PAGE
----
Business-to-business collaborative planning software vendor Logility,
Inc. reported results for the fourth quarter of fiscal 2000. Total revenues
were $6.9 million, a 21% decline compared to total revenue of $7.8 million
for the quarter ended January 31, 2000. For the first time in over a year,
Logility reported a net loss of $646,000 for the quarter due primarily
from lower than expected license fees. Despite the fourth quarter results,
the company expects to be profitable for fiscal year 2000. In addition,
the overall financial condition of the company remains good, with cash
and short-term investments of approximately $25 million and no debt.
Michael Edenfield, President and CEO of Logility, attributed the poorer
than expected license fee performance to purchasing delays among some
key accounts. He went on to express his belief that a number of these
accounts would be closed in future quarters and remains optimistic about
Logility's prospects for fiscal 2001.
While it should report a net profit for the fiscal year ending April 30,
2000, Logility must be disappointed in its fourth quarter loss given that
last quarter it earned record profits of $1.25 million. More impressive,
the company maintained a positive bottom line throughout the challenging
Y2K remediation period.
which sits a distant third after i2 Technologies and Manugistics within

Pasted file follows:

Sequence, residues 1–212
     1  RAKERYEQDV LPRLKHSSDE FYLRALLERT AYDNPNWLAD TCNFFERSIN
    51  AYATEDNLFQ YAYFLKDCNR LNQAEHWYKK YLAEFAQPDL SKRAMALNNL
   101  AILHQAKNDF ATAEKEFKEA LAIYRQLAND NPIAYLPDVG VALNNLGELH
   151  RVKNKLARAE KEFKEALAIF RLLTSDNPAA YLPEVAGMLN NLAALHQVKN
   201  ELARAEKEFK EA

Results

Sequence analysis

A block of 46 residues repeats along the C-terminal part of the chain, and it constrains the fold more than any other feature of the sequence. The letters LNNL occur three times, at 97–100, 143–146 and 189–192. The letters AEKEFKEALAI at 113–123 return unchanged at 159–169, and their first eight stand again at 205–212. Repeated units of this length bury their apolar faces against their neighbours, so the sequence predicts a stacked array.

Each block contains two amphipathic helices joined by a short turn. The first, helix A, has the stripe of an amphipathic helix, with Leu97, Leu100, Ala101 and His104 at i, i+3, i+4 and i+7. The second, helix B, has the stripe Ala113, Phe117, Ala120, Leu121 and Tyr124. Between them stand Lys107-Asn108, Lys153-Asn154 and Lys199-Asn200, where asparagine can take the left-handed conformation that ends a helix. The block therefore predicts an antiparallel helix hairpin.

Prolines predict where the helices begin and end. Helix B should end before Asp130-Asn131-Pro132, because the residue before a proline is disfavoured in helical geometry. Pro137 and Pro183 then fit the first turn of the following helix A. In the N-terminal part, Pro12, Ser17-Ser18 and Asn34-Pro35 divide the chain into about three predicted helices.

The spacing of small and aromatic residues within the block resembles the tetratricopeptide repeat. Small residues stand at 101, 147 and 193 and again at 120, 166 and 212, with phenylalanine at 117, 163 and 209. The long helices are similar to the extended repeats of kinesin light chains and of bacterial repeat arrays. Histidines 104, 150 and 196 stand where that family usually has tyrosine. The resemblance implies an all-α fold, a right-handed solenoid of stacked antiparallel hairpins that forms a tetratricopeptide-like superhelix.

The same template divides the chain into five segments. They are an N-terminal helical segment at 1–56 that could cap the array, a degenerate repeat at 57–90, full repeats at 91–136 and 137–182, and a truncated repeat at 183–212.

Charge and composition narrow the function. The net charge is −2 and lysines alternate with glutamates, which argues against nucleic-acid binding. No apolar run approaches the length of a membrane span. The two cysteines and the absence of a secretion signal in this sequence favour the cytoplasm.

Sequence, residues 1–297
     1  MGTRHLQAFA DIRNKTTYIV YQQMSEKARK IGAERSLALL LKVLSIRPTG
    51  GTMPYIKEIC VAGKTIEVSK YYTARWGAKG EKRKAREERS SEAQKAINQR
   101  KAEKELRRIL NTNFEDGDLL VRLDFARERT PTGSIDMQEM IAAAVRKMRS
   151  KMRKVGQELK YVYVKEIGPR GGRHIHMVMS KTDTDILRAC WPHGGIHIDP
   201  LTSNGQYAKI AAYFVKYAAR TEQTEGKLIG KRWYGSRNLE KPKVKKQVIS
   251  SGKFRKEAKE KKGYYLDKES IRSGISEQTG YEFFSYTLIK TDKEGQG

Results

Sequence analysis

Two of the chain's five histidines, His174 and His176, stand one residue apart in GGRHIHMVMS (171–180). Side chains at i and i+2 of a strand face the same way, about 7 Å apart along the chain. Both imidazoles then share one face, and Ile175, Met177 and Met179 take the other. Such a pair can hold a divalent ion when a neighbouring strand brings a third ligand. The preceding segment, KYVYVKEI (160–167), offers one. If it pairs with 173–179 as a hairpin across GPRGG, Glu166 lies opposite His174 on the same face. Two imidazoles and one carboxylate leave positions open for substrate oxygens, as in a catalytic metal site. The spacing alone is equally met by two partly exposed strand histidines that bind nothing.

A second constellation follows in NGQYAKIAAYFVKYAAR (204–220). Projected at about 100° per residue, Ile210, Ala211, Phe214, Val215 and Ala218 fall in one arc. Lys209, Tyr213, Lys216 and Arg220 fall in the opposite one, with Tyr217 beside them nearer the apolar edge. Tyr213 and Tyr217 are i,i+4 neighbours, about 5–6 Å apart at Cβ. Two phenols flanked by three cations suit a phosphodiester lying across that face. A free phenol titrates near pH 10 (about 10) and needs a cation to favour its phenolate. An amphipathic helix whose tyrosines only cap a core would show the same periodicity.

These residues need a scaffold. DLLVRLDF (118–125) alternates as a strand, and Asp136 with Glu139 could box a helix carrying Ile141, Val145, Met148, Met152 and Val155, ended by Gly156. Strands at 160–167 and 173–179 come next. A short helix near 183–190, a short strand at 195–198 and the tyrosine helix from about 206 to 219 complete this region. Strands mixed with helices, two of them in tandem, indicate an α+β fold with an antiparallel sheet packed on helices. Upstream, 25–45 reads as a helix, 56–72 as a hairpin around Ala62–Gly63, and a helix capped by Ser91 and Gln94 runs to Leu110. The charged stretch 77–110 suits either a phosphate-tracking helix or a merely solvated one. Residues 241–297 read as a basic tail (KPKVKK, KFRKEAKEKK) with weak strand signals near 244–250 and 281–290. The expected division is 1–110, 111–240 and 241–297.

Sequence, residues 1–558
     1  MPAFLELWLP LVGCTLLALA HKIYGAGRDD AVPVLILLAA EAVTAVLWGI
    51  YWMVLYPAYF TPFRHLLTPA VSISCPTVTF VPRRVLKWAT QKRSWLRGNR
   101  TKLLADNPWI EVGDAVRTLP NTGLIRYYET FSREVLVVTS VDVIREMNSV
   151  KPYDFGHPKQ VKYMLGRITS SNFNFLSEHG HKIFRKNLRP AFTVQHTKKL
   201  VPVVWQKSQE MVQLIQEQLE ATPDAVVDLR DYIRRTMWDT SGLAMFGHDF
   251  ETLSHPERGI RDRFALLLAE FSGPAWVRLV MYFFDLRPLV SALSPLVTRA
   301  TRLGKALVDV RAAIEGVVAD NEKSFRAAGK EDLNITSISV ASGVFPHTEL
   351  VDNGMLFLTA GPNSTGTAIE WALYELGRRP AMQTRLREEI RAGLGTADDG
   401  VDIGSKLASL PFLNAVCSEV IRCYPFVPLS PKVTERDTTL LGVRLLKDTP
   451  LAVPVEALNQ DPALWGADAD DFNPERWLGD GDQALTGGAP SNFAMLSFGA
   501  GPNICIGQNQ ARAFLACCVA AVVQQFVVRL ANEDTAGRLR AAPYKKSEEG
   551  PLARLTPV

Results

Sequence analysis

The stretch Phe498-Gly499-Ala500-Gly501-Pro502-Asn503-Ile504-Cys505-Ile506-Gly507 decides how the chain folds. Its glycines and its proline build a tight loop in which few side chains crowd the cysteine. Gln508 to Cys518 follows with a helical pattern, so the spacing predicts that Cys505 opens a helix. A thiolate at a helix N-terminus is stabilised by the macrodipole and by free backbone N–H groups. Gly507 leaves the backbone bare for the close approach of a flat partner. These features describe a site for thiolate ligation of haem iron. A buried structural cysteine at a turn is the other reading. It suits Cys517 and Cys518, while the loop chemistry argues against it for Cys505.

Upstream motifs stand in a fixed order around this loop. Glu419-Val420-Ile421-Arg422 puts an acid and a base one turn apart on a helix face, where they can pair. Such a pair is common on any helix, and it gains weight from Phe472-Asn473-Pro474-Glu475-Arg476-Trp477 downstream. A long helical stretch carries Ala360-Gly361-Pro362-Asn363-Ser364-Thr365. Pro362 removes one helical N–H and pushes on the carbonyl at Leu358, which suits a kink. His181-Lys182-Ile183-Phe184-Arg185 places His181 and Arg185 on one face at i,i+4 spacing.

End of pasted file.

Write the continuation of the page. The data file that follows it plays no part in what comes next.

the supply chain management (SCM) market, finished fiscal 1998 with nearly
$35 million in total revenue but stumbled in 1999 when declining SCM software
market conditions forced it to reduce its direct sales staff and curtail
spending on sales and marketing.
fiscal 2000 revenues should approach $32.5 million, giving it a 19% increase
over 1999 revenues of $27 million. Provided that Logility can continue
to sell traditional licenses and find more support for its hosted offerings,
we expect it to have success in fiscal 2001. Logility has seen less demand
for its i-Connection hosted applications than it expected and plans to
look for leads from its ASP partners, AmQUEST and eBaseOne.
its traditional licenses, some competitive pressures could arise from
Adexa, a similarly sized SCM vendor with IPO plans later this year, although
the companies focus largely on different industry verticals: Adexa for
semiconductor and electronics and Logility for process manufacturing,
with the only real overlap being in apparel and soft goods.
Its fourth quarter stumble notwithstanding, users should look favorably
on Logility's performance in fiscal 2000. It remained profitable despite
the Y2K-induced market slump, restored its license revenues, and significantly
improved its liquidity. Users with relatively uncomplicated business processes
in process manufacturing industries, such as food & beverage, chemicals,
and other consumer goods should certainly include Logility on shortlists.
Users with very particular business requirements that defy simple implementation
should still involve Logility in the selection, at least through the scripted
scenario demonstrations, but should ask for quotes that detail additional
costs raised by customization. Small to mid market companies evaluating
application service providers should ask Logility for a reference from
its small, but growing, list of clients who use hosted Voyager products.